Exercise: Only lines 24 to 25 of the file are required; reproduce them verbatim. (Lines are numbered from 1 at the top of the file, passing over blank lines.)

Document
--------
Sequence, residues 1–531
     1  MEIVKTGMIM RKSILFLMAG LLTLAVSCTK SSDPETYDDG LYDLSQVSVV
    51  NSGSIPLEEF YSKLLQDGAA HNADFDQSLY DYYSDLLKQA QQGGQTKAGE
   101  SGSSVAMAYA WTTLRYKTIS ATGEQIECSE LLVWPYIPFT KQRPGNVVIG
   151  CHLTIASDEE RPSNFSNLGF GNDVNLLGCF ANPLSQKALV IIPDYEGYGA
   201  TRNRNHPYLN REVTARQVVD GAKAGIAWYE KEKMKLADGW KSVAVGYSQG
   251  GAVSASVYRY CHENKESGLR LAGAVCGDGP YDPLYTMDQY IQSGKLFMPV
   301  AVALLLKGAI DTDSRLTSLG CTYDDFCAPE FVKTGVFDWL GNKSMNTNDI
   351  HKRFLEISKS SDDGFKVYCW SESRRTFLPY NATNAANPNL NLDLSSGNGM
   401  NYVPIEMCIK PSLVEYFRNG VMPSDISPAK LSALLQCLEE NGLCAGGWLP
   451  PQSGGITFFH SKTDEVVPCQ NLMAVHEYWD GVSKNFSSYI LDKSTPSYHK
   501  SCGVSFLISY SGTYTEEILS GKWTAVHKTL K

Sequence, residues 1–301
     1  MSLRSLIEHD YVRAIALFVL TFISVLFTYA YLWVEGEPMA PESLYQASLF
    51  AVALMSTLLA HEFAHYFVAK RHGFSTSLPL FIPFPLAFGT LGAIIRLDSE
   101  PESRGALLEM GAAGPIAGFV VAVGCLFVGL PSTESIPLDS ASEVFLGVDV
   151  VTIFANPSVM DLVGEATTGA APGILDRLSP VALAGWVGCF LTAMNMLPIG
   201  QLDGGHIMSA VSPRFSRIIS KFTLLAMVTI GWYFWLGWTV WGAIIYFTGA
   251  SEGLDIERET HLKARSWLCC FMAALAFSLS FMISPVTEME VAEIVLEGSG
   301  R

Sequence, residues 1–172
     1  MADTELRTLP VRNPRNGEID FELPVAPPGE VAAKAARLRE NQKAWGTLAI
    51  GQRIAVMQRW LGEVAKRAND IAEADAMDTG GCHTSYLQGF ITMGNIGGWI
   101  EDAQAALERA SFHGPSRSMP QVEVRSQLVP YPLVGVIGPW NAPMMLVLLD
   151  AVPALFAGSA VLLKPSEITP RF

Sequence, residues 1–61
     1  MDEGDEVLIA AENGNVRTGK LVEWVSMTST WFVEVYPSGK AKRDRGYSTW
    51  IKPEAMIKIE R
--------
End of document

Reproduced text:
   101  EDAQAALERA SFHGPSRSMP QVEVRSQLVP YPLVGVIGPW NAPMMLVLLD
   151  AVPALFAGSA VLLKPSEITP RF